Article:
Shinbun Saturday: Star Wars Gets the Ukiyo-e Treatment, Thanks to Fans
School Live and the positive relationship between manga sales and anime series
If anyone ever doubted the purpose of anime, the team behind summer success Gakkou Gurashi!, or School-Live! might have some insight to share with them. With the release of the anime in early July, sales of the manga have seen a substantial increase, up to 10 times more than it was originally selling. The first volume has benefited greatly from the additional exposure, and given the positive reception so far, both mediums are off to a great start with fans.
Star Wars to be immortalized on woodblocks in a galaxy not so far, far away
Japanese Kickstarter Makauke is currently hosting a campaign for ukiyo-e woodblock prints of two characters and a scene from the epic film series, and supporters have already pledged 12 million yen (roughly $96,000) to the project. Queen Amidala, Darth Vader, and the Battle of Hoth will all be available for purchase, with one print going for 54,000 yen (approximately $434), and a set of three selling at 162,000 yen (approximately $1,303).
Would you go under the sea with 6000: Rokusen?
Horror manga 6000: Rokusen will soon have a new audience to frighten: movie lovers. All Nippon Entertainment Works has chosen to adapt Nokuto Koike’s underwater horror story into a live-action film, with Mike Medavoy (Black Swan) producing. Set in a research facility 6,000 meters under the sea, a team of scientists attempts to restart operations after a series of freak accidents and deaths that occurred three years beforehand. But the same accidents begin to occur again, and the team must struggle against their own personal fears and possibly, something far more dangerous in the water.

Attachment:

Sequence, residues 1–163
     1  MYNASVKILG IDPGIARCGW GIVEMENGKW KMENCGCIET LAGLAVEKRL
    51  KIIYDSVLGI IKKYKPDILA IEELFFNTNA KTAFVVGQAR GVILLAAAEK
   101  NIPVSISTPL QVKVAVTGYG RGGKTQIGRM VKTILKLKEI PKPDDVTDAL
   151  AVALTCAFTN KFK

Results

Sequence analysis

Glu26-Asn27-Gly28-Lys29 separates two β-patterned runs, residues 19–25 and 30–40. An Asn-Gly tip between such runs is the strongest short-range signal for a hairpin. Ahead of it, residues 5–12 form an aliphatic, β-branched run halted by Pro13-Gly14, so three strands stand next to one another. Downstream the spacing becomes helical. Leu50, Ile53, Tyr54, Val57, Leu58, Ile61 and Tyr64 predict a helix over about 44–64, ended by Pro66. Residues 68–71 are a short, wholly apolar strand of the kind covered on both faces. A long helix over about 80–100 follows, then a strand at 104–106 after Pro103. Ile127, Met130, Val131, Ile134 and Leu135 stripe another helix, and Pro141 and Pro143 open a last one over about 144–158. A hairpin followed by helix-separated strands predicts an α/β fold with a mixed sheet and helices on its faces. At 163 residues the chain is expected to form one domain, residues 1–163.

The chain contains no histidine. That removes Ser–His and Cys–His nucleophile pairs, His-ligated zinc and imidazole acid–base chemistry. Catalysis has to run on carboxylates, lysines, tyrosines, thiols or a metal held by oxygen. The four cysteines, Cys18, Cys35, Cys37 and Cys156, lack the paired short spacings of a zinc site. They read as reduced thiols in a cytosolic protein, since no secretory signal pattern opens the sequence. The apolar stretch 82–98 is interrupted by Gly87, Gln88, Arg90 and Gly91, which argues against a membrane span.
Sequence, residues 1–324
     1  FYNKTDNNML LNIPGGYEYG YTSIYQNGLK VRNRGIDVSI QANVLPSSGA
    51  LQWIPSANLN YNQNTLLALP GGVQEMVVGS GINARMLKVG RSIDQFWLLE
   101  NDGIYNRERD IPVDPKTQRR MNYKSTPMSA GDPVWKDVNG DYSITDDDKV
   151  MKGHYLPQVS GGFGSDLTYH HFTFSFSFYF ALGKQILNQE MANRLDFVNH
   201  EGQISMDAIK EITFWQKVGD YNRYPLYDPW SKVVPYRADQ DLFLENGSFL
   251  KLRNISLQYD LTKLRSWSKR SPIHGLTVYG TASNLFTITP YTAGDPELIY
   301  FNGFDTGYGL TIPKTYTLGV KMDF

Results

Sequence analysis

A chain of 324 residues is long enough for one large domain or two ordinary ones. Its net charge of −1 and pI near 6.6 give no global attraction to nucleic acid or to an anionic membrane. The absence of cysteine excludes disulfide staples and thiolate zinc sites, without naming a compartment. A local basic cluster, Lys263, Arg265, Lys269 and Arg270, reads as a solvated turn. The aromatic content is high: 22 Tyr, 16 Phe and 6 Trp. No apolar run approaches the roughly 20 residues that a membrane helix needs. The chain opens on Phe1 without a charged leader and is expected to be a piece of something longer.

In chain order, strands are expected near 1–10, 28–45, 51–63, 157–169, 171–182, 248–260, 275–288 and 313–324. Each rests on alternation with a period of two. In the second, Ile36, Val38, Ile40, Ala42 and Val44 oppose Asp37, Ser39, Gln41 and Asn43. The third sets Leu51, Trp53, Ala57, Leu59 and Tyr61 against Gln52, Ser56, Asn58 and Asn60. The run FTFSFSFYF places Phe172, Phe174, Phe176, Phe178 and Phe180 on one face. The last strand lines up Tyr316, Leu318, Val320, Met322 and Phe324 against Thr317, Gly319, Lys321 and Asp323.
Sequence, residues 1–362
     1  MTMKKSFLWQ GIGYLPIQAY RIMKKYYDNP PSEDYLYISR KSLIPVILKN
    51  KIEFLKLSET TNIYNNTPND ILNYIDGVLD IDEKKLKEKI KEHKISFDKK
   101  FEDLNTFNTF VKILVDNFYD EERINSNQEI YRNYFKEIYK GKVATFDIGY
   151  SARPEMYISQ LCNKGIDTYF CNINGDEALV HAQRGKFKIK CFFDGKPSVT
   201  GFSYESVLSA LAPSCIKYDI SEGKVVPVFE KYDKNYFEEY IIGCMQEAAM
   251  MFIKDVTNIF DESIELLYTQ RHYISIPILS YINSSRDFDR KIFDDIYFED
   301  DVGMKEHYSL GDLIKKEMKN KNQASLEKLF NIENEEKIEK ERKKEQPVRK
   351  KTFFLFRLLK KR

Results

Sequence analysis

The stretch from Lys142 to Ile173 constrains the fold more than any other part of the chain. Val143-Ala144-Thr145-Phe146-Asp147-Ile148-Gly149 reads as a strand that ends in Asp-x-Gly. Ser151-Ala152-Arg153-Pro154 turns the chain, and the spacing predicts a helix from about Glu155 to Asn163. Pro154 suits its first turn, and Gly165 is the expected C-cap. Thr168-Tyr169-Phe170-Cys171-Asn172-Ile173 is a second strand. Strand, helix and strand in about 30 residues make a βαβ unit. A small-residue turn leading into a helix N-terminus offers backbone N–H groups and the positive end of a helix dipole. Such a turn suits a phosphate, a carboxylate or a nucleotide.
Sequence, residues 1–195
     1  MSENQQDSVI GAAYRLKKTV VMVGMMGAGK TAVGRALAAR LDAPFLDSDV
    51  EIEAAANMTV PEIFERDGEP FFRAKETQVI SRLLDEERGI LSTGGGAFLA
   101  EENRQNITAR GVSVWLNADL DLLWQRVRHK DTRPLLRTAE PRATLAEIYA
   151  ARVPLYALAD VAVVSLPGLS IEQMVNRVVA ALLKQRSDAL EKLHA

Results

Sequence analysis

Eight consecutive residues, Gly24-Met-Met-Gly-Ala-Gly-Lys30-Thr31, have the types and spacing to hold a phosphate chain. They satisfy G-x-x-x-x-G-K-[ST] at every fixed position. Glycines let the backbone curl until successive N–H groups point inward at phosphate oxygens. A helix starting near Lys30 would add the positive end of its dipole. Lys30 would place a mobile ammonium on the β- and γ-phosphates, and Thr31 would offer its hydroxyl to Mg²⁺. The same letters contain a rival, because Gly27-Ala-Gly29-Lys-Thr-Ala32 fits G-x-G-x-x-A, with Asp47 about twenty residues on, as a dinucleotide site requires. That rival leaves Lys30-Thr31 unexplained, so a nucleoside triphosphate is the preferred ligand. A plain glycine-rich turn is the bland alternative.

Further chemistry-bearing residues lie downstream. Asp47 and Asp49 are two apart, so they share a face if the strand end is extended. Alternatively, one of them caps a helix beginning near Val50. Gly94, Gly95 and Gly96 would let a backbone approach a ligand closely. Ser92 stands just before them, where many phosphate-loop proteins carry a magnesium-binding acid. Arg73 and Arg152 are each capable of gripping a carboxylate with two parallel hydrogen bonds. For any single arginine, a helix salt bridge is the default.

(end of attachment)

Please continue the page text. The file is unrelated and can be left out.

Chinese translation of Hadashi no Gen comes to a standstill at publishers
Manga translator Hiromi Bando was a curious child, but there was one question her father refused to answer when she was growing up, the question of his experiences during World War II. Today, Bando has an answer, and it has become the catalyst for her work translating Hadashi no Gen (Barefoot Gen), a manga centered around the devastation of Hiroshima after the atomic bomb, into Chinese. Publishing houses in China have refused to print the translation, for fear of derailing relationships with Japan. But Bando isn’t discouraged:
“’Barefoot Gen’ depicts everything about war, including the damage that was caused by Japan…I will not give up, but be brave like Gen.”